It’s reasonable to say that building managers are paying more attention to indoor temperatures now than they have in the past.

For example, evidence has shown that office temperatures impact employee productivity. A study conducted by researchers from Helsinki University of Technology and Lawrence Berkeley National Laboratory found that personnel performance may decrease 2 per cent when temperatures rise by one degree Celsius.

The Saveris 2 data logger can connect to local Wi-Fi networks.

Therefore, it’s not surprising that organisations have taken an interest in climate control. As a building manager, you depend on temperature data loggers to monitor facilities. Here are three questions you should ask yourself when looking for such instruments:

1. How many rooms am I monitoring? 

Asking this question helps you not only determine how many data loggers you need, but also identifies the functions they must possess. You may install one instrument in a walk-in refrigerator and another one in a call centre. Each room has its own climate requirements.

Thanks to smartphones, it’s not difficult to receive information from anywhere with an internet connection. Some temperature data loggers, such as the Testo Saveris 2, can connect to local Wi-Fi networks. This allows the instrument to send information to Testo’s cloud, from which you can pull room temperature data.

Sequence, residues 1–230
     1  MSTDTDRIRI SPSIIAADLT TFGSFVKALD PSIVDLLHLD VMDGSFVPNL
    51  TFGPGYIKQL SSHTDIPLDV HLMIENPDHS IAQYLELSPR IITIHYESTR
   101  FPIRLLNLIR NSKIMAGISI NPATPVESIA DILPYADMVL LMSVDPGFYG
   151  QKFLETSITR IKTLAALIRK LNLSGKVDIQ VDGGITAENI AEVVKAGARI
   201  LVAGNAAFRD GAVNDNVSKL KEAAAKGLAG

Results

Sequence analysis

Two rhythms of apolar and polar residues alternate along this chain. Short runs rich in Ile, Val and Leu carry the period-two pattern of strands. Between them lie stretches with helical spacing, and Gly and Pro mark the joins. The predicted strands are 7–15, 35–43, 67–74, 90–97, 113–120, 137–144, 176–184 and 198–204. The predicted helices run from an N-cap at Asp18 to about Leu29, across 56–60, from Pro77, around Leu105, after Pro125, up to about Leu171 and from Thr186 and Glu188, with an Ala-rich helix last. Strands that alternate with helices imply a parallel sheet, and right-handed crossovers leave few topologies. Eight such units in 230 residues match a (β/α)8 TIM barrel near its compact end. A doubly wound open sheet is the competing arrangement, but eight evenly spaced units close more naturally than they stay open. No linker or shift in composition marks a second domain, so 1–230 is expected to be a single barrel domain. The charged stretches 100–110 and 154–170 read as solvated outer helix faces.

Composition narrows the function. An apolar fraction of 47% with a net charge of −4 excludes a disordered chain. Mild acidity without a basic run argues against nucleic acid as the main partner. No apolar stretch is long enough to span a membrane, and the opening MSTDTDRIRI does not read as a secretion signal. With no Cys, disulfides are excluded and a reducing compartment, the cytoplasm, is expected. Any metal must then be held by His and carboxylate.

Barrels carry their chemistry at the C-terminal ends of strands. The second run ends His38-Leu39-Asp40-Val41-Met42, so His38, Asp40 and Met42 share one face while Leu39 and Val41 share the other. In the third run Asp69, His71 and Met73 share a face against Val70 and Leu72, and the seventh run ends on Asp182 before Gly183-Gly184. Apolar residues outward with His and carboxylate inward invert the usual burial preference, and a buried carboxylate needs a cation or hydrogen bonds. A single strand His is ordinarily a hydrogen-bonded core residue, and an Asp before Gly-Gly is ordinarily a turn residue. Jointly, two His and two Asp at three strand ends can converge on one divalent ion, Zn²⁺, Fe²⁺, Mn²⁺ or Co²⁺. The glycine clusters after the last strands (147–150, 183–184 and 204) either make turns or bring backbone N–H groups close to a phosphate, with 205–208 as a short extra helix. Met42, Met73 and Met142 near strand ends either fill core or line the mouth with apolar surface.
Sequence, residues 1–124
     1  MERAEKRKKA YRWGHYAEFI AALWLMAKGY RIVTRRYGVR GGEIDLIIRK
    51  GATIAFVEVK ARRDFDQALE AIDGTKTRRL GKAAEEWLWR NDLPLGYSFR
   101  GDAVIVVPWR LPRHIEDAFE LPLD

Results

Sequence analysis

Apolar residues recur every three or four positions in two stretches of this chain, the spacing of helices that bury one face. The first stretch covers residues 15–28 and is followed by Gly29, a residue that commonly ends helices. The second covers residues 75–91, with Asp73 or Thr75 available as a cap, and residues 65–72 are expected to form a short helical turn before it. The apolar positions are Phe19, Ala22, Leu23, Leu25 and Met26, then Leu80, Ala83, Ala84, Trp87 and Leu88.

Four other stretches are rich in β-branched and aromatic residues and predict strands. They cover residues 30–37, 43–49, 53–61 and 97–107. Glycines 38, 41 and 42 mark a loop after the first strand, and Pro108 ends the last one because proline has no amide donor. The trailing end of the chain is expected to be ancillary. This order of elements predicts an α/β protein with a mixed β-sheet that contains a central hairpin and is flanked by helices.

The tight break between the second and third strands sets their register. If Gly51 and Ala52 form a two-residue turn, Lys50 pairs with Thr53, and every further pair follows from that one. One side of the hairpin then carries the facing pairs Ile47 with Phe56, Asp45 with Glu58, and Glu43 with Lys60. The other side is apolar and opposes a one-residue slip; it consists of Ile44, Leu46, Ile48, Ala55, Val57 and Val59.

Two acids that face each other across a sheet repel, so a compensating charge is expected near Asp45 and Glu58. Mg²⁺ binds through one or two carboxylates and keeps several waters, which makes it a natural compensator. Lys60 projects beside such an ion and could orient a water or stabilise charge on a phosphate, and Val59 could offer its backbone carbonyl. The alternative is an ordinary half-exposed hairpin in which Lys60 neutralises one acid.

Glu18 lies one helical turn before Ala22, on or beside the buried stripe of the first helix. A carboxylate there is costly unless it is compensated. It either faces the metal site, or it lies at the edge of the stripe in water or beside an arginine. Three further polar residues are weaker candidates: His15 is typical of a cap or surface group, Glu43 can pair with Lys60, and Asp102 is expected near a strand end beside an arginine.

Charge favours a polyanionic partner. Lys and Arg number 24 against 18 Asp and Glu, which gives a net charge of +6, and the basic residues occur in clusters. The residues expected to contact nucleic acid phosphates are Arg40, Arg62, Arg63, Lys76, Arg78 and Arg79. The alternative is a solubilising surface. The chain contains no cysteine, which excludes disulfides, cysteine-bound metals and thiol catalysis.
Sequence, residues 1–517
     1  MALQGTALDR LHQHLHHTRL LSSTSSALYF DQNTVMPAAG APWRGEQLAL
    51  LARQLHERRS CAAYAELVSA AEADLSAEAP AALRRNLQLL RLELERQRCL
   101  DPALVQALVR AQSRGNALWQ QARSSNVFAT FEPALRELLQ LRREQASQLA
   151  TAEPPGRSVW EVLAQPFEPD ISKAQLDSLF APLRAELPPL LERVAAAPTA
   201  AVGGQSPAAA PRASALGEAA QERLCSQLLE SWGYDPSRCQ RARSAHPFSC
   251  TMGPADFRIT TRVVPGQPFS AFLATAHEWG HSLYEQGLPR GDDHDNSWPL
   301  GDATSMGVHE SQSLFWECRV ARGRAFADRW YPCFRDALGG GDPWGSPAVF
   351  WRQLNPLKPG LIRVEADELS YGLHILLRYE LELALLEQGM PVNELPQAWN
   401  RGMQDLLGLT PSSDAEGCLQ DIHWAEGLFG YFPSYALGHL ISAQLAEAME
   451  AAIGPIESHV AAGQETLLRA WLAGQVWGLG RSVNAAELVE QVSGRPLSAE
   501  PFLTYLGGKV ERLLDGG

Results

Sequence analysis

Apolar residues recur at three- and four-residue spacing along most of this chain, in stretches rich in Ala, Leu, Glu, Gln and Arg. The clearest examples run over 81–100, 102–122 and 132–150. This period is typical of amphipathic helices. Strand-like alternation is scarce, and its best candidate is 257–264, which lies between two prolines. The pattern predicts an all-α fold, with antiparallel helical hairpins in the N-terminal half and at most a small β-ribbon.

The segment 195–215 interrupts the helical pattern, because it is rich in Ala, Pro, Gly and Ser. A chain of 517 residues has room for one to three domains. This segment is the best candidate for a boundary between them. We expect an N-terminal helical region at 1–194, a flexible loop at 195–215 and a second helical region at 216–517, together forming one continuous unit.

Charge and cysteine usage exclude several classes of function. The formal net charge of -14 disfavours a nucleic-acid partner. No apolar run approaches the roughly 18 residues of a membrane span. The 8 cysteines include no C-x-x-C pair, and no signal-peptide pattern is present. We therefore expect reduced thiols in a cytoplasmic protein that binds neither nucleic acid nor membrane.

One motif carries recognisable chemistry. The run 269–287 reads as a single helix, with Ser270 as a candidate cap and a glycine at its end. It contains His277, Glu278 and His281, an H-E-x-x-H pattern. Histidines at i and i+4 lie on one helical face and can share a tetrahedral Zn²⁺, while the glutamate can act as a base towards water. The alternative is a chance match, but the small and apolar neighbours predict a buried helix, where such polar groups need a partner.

All in all, this workflow is much more convenient than visiting each room at a time.

2. What kind of facilities are you monitoring? 

The Saveris 2 sends data from multiple facilities.Some facilities must adhere to strict temperature standards.

The World Health Organization (WHO) advised technicians to purchase loggers that match their facilities.

For instance, let’s say you’re the building manager of a large pharmaceutical warehouse. Such a facility may consist of vaults, cages, cold rooms, walk-in coolers, primary warehousing and mezzanine floors.

Therefore, you’d do well to purchase temperature data loggers that are easy to configure. Consider buying a data logger that can also calculate indoor humidity levels.

3. What are the requirements for wireless connections? 

In regard to the first two questions, it’s possible you’ll need temperature data loggers that can connect to your Wi-Fi. Now, you need to think about the back-end functions and protocols associated with this convenient function.

Consider the differences between accessing temperature data from a secure website or a smartphone app. In addition, note WHO’s recommendation to buffer data. This means your data loggers will store information for a set period of time before sending it across networks. The process ensures data isn’t lost in the event of a network outage.

You should consider a number of other factors before buying a logger, but the three above will help you address the fundamentals.